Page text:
HAMPTON-LOVETT (St. Mary), a parish, in the union of Droitwich, Upper division of the hundred of Halfshire, Droitwich and E. divisions of the county of Worcester, 1½ mile (N. N. W.) from Droitwich; containing 174 inhabitants. This place was formerly the seat of the Pakingtons, whose mansion of Hampton Court, situated near the church, was destroyed during the civil war in the reign of Charles I.; connected with it were a lodge and banqueting-hall at Westwood (an extra-parochial district adjoining the parish), which, after the destruction of Hampton Court, were enlarged, and occupied as a residence for the family. The parish is hilly and well-wooded; it is on the road from Droitwich to Kidderminster, and comprises 1827a. 1r. 29p., about half arable. The living is a rectory, valued in the king's books at £9. 16. 0½., and in the gift of Miss Pakington, and Sir J. S. Pakington, Bart.: the tithes have been commuted for £323. 10., including the tithes of the glebe, which comprises 33 acres. The church, a handsome structure in the decorated English style, contains the sepulchral chapel of the Pakington family, and in it was interred the learned and pious Dr. Hammond, who died at Westwood in 1660.
Hampton-Lucy, or Bishop's-Hampton (St. Peter)
HAMPTON-LUCY, or Bishop's-Hampton (St. Peter), a parish, in the union of Stratford-uponAvon, Snitterfield division of the hundred of Barlichway, S. division of the county of Warwick, 4 miles (E. N. E.) from Stratford, on the road to Warwick; containing 458 inhabitants. This place belonged to the Saxon bishops of Worcester, from whom it derived the former prefix to its name, as it now does its modern adjunct from the family of Lucy, its present proprietors. In the reign of Edward VI., John Dudley, Earl of Warwick, obtained the manor in exchange from Nicholas Heath, Bishop of Worcester, for certain lands in Worcestershire, and in the same reign parted with it to the king for lands lying in Oxfordshire and elsewhere. The earl again obtained possession of it by further exchange, and on his attainder it was granted by Queen Mary to the Lucys. Hampton-Lucy is pleasantly situated on the river Avon, over which an elegant cast-iron bridge of ancient character, with a raised causeway 1000 feet in length, was constructed in 1829, at the expense of the Rev. John Lucy, the incumbent. The parish comprises by admeasurement 2989 acres, all arable with the exception of 76 acres of wood, and some rich meadow lands near the Avon; the surface is undulated and well-wooded, chiefly with elm, and the soil is in general strong and fertile. Of the area of the parish, about 750 acres are in the hamlet of Ingon, which is contiguous to the lordships of Clopton and Welcombe, in the adjoining parish of Old Stratford. The living is a rectory, valued in the king's books at £51. 6. 8.; net income, £1147; patron, George Lucy, Esq. The church was handsomely rebuilt in 1822-6, upon the old site, in the later English style, from funds left by the widow of a former rector, and considerably augmented by the present incumbent; it forms a great ornament to the neighbourhood, and has a magnificent east window of stained glass, inserted in 1837 by the rector, and representing the principal events in the life of the patron saint. A free grammar school was founded in 1635, by the Rev. Richard Hill, who endowed it with estates now producing about £120 per annum. The Rev. William Lucy, D. D., in 1723 gave £2000 for the foundation of four scholarships in St. Mary Magdalen's Hall, Oxford, for boys from the grammar school, but they being ineligible for want of classical instruction, the vacancies are filled up with scholars from other foundations.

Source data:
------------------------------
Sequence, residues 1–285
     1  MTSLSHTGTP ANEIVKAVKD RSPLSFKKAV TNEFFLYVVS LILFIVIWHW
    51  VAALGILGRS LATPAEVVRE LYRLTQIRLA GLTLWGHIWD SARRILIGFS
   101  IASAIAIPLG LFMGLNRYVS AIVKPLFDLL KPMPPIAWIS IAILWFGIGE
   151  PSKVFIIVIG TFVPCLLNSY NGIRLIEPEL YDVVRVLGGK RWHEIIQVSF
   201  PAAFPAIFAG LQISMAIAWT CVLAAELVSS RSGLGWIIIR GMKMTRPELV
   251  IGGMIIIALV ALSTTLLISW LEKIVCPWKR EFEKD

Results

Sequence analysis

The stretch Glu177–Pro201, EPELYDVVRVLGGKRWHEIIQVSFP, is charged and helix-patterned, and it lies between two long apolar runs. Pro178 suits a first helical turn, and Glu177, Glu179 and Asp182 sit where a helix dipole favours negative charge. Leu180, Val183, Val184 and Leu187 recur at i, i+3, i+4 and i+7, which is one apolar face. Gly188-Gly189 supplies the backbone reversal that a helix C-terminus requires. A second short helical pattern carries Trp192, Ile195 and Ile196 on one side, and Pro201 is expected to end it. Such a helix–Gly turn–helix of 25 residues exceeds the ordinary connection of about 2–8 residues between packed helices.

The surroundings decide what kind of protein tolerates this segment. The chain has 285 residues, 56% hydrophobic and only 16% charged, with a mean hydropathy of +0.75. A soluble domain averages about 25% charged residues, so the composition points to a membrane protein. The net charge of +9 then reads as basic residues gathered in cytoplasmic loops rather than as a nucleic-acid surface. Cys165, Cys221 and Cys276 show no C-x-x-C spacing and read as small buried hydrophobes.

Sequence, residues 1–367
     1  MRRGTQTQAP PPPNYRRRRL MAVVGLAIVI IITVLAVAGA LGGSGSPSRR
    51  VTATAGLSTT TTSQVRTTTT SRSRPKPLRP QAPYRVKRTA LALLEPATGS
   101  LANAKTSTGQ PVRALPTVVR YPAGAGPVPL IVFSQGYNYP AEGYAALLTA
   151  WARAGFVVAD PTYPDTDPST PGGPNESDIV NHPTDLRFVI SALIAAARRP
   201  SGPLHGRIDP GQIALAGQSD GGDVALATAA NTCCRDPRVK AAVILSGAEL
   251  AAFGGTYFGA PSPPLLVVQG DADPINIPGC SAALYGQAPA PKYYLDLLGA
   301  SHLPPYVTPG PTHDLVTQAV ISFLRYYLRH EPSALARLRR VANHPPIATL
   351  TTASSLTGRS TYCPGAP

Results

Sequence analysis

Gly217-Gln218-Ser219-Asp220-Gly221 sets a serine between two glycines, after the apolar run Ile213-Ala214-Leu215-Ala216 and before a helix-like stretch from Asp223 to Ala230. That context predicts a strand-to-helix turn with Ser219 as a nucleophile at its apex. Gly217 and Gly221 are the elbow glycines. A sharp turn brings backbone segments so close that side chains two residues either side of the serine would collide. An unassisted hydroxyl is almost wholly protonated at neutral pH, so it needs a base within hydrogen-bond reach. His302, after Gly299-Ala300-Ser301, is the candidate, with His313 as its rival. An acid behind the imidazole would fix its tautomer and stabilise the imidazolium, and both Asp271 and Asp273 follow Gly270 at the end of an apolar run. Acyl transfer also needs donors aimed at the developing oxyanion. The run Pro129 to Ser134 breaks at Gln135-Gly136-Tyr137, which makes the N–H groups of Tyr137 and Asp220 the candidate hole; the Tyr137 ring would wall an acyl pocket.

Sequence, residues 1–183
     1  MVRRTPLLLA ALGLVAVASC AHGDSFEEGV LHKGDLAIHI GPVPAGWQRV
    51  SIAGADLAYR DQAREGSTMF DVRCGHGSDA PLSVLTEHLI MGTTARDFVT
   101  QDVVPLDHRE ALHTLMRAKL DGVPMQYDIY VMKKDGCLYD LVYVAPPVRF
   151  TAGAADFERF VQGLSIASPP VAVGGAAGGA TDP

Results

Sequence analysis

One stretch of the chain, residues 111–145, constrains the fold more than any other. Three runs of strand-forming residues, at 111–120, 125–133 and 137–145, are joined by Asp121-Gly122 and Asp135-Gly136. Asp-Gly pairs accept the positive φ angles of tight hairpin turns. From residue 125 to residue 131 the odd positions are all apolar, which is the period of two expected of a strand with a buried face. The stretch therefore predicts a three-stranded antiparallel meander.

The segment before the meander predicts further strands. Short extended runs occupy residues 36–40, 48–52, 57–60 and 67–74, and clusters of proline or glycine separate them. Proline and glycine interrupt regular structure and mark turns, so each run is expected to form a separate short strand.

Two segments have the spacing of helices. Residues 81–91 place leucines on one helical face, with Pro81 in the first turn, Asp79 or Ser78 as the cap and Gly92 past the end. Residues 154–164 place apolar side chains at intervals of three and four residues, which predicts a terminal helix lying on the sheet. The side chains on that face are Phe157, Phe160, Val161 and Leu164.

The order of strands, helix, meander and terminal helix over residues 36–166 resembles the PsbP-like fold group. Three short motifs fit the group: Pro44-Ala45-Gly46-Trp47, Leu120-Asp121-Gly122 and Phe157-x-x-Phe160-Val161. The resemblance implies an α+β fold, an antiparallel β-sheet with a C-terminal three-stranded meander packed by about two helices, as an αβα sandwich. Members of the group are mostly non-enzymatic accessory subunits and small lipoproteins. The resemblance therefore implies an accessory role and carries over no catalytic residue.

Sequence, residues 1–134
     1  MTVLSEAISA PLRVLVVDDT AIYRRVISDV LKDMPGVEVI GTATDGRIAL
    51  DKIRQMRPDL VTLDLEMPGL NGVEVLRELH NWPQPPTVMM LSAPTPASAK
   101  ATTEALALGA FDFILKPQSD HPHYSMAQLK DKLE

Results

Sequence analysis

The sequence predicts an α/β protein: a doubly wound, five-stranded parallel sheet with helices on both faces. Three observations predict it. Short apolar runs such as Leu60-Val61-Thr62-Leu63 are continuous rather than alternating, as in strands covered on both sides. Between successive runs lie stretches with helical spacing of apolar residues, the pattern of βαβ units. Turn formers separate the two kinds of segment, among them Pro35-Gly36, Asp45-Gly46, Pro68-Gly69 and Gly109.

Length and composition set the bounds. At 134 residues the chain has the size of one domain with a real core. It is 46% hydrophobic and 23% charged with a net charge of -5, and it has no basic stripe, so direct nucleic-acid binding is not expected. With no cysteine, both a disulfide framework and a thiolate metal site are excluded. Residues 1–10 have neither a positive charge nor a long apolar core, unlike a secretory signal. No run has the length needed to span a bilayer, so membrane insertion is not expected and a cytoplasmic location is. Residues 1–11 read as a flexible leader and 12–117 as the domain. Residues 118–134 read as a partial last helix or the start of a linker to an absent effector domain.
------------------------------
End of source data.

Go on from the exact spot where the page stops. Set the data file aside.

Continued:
Hampton, Maisey (St. Mary)